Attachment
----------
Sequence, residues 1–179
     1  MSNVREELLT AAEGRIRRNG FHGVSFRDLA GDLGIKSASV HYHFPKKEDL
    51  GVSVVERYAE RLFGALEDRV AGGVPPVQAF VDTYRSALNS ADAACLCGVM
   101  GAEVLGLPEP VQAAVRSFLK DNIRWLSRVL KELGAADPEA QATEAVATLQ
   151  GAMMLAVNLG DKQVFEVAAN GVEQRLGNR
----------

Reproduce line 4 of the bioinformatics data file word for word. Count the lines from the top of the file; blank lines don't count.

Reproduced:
   101  GAEVLGLPEP VQAAVRSFLK DNIRWLSRVL KELGAADPEA QATEAVATLQ